When you are making pizza dough in humid conditions, it is important to use less water than the recipe calls for. You can always add it in a few teaspoons at a time to get the pizza dough to the exact consistency that you want.
Another factor that will change how you prepare your pizza dough is the altitude. Higher altitudes tend to make the dough more dry and the yeast is activated more quickly, causing the dough to rise too quickly.
On the other hand, when you are baking at lower elevations, especially near sea level, the dough may be wetter to begin with.
The solution is to hold back some of the water when you prepare your dough. Once you are able to knead it and start activating the yeast, slowly add the rest of the water in, a few tablespoons at a time.
If you take your time and go slowly, you should be able to get the dough to the right consistency without the stickiness.
How to Prevent Pizza Dough from Becoming Too Sticky
The best way to deal with sticky pizza dough is to avoid making it sticky in the first place. When you are preparing your dough, make sure that you follow the recipe.
In addition, you could start by using only around 60% of the water called for in the recipe.
Make sure to coat your hands and the surface you use to make the dough with flour to prevent stickiness while you are kneading it. Remember that if you add too much flour to the recipe, you can change it to the point where your pizza dough won’t turn out well.
When you are kneading the dough, try to keep the outside of the dough on the outside and the inside on the inside. Avoid folding and tearing the dough; instead, you should roll it, squash it, and stretch it. How you knead the dough can have an impact on how it turns out, so this will help.
You can also use a little bit of oil on the surface as you roll the dough. The important thing to note is that as you go through the first kneading process, the dough will hold together better and be more developed.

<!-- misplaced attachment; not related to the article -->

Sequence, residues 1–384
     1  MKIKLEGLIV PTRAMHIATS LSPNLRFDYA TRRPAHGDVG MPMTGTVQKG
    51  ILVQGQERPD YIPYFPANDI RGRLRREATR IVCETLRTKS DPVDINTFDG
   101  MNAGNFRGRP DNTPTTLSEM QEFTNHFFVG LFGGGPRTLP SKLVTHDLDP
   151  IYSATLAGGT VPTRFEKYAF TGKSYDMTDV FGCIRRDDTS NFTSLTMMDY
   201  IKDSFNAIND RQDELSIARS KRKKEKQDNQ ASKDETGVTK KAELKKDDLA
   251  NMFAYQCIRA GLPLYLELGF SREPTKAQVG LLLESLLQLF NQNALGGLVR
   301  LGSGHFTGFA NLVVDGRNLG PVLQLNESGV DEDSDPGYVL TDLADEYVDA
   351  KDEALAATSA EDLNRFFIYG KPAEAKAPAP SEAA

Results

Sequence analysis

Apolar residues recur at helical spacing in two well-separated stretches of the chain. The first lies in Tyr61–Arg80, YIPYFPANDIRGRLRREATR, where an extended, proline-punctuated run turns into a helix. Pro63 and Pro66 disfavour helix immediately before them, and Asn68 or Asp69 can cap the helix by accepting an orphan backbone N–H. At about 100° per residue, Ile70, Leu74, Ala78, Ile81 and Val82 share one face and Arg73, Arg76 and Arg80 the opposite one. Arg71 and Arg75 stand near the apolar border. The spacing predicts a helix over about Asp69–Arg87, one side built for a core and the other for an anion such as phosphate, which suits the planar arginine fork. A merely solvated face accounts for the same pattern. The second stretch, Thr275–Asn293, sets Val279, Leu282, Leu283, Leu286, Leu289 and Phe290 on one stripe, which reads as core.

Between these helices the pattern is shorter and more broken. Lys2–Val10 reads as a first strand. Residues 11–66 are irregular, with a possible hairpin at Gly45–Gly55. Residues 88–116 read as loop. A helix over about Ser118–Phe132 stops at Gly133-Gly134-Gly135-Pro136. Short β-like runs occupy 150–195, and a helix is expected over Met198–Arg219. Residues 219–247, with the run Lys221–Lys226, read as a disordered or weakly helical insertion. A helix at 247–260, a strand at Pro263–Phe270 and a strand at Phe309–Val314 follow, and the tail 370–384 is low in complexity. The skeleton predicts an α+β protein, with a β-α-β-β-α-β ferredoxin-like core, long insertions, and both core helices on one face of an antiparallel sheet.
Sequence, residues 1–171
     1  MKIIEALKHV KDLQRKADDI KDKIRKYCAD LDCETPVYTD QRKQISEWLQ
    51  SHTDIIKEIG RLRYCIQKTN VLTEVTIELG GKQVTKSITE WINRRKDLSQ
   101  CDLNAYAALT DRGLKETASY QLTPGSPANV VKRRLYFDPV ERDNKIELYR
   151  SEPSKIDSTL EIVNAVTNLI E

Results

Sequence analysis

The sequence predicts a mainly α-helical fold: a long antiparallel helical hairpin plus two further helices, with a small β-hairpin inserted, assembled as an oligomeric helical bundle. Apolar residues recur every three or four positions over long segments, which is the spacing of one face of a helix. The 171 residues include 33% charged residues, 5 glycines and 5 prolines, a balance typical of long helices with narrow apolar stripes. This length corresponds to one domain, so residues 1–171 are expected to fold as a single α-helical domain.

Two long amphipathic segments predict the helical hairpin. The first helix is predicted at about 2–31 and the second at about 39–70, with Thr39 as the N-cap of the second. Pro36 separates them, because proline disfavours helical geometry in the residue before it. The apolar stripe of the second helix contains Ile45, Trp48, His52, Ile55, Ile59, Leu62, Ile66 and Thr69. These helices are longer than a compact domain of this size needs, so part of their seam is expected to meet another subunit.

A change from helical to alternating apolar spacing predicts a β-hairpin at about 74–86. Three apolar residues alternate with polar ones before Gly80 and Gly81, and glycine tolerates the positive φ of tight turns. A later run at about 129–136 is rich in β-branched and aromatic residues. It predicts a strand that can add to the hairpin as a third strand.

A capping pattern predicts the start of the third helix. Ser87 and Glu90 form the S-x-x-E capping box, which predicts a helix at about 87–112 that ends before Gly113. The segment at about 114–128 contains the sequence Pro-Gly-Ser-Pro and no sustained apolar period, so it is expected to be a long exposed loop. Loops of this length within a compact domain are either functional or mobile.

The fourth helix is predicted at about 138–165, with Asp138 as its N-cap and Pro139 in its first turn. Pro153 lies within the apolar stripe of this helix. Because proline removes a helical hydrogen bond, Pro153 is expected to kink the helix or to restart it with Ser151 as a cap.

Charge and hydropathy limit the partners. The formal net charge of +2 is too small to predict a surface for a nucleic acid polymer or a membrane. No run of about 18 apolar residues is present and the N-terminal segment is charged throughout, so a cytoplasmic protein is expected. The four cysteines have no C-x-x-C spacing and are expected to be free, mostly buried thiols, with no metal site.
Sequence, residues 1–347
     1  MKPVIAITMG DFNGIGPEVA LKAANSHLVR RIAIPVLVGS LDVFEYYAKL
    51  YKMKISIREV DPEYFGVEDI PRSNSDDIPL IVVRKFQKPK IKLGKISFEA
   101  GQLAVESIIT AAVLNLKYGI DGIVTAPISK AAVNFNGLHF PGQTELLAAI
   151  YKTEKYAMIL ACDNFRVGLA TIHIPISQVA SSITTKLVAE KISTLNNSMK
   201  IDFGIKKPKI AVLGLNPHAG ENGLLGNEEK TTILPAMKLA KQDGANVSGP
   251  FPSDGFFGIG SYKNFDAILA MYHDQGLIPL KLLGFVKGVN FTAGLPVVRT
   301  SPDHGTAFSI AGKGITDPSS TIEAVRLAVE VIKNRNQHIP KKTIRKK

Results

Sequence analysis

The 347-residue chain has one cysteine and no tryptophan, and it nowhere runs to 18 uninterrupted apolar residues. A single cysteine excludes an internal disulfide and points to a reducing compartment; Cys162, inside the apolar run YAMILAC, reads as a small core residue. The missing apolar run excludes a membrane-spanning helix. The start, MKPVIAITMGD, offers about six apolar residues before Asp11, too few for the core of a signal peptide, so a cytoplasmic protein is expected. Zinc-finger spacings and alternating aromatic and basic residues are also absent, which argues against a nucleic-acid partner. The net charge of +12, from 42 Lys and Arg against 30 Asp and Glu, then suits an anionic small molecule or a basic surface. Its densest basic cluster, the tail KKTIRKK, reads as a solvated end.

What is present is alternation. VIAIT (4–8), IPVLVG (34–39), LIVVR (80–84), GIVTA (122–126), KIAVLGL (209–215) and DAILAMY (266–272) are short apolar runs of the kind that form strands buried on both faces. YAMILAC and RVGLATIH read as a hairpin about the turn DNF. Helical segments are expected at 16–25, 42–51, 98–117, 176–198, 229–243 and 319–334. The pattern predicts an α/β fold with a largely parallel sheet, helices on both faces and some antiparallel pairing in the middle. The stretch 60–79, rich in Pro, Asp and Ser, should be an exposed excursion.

This will prepare it so that you can then add in the remaining water until the pizza dough is perfect for baking.
Now that you’ve made the perfect pizza dough, learn how to properly store it for later use!
Sarah is the founder of Baking Kneads, LLC, a blog sharing guides, tips, and recipes for those learning how to bake. Growing up as the daughter of a baker, she spent much of her childhood learning the basics in a local bakery.
Thursday 23rd of July 2020
Cold water has nothing to do with gluten leaking out. The reason you might use warm water (and many recipes don't - ice cold water is common in many recipes) is because higher temperatures facilitate glutenin and gliadin bonding, meaning better hydration and a stronger gluten network. It is precisely this network that results from kneading. You can use cold water and get a perfect pizza. Just increase the proving time and/or room temperature.
Wednesday 18th of May 2022
@Robert, what you said. Also while yeast does help with gluten formation, it releases carbon dioxide, not gluten.
Saturday 23rd of May 2020
Thankyou Sarah! My first attempt tonight at pizza dough didn't go well (too sticky, couldn't get it off the surface to put into the oven). Think i know now where i went wrong thanks to your article
Sarah | Baking Kneads
Tuesday 26th of May 2020
Glad I could help! Good luck with your next batch!